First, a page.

Here Are your Kinect Reviews — Kevin Butler Might Have Been Right
Microsoft has been pushing Kinect as the future of gaming by saying it makes you the controller. So the question is this: is using Kinect better than using a controller? I’d tell you, but we didn’t get a Kinect sensor pre-launch, so even though I have used Kinect before, I won’t presume to render my impressions of those experiences as a final verdict. Instead, I’m going to pull some quotes that directly address that question from reviews posted by reputable sources. Oh, and before we do that, I’m going to post this old Kevin Butler Playstation Move ad which jokes that the Movie is better than Kinect because it has buttons.
On to the reviews:
Some Kinect games feel like they’d be better with a controller. Others, like Dance Central, wouldn’t be as fun. A comparison to a controller is apt, though, because gesturing to control a game feels as relatively convoluted and slightly slow as using a control stick. Kinect voice control, on the other hand, feels like it can be as precise as pressing a button. Buttons and control sticks together are a great combo; voice and gesture feel like just as terrific a pairing.
I found that the Kinect Hub, which is brought up by either waving your hand while on the “classic” Xbox 360 Dashboard or saying “Xbox Kinect” is functional, but, if anything, requires far more effort to perform the most simple tasks than simply using a controller and the regular Dashboard. Here’s the problem: In order to select something, you have to hover your hand over it for a three-count. Then, there’s a delay as an extremely simplified version of, say, your friends list comes up. Navigating further into the menus is just as slow, as is navigating back out.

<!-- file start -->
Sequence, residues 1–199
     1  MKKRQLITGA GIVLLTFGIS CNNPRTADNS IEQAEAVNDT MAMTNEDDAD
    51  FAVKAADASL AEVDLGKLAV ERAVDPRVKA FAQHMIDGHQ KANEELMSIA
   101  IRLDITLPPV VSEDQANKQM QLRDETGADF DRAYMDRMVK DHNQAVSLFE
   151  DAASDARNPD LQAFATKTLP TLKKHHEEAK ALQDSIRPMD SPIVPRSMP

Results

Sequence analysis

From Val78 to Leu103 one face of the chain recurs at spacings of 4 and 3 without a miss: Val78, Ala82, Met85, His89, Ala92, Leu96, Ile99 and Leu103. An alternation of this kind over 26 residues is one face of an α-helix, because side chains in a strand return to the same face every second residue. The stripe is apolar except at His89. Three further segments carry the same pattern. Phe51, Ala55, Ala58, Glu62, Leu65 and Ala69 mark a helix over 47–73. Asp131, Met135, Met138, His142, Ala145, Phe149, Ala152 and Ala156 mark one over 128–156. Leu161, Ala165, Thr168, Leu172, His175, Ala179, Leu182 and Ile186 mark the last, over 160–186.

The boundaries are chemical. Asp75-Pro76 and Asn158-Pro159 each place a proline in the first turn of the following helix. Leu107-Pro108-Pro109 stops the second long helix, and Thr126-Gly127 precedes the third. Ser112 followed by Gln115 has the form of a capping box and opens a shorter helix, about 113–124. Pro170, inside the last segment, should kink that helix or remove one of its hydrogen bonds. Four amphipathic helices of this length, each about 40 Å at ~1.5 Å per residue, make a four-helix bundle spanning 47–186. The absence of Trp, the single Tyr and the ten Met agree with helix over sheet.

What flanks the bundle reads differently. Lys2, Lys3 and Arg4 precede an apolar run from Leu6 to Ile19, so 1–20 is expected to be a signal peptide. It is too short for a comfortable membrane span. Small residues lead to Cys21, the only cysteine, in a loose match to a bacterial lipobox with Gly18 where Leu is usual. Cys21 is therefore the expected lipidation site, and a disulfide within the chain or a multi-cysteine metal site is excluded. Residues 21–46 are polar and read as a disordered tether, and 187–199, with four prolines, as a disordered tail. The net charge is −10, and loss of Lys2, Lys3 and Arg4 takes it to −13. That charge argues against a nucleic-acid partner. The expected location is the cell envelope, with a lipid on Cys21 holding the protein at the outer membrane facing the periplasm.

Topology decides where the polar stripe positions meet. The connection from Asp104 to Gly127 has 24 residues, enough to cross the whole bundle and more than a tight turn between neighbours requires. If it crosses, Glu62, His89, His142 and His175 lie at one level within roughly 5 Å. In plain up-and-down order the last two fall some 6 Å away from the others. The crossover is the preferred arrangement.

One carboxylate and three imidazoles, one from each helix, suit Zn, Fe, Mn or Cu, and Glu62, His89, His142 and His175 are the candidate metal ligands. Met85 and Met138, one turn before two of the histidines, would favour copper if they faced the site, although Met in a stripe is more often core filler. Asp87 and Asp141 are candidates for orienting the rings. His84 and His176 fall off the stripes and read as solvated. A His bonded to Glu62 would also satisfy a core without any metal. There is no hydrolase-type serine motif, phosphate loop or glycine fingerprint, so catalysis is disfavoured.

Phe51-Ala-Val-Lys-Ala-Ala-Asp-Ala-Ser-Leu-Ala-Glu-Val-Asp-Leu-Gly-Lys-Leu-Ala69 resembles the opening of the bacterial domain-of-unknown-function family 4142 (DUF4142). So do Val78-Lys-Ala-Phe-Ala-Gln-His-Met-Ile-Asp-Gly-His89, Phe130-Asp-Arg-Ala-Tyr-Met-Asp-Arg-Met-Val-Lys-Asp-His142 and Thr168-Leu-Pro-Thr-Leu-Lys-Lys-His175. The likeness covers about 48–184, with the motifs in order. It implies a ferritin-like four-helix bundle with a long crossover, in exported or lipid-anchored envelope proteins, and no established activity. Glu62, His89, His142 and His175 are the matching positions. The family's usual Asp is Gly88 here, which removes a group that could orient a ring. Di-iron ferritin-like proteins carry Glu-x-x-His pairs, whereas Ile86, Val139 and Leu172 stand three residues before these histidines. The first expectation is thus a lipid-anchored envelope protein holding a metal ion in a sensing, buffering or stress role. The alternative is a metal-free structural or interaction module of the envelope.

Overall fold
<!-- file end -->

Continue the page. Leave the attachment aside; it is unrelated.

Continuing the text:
The voice commands, matched with your hand movements, work well most of the time, but when they don’t it’s a pain in the butt. Sometimes, I’d be waving to get the system’s attention, and it would take a few tries to turn on the cursor. Other times I would get to a menu where no voice commands seemed to want to work. This is all neat in a tech-demo sort of way, but it’s not as good as using a controller and buttons. It’s slower, less accurate, and you have to remember to speak in a loud, clear voice and move in a consistent way.
Microsoft is going to release a Move-style controller for the Kinect within a year or so.
Games that feature full-body movement make best use of what Kinect can offer. Syncing up your movements with the movements on the screen is a lot easier and more natural with Kinect than with a normal controller.
But games that would be better enhanced with a physical device in hand feel flat. On Kinect, they’re just not up to the demands that players make from those types of games. You will probably not enjoy racing games and first-person shooter games as much with Kinect that you do with regular controllers.
I was definitely more impressed by the Kinect hardware (and the software) than I imagined I would be. But I’m not ready to champion Kinect as the death knell for controller-based gaming, and I’m not sure I ever will be. When it comes to the games themselves, I’m a bit concerned that the lack of a physical controller will really limit the type of gaming experiences we’ll see. (Will we get any games that aren’t on rails?)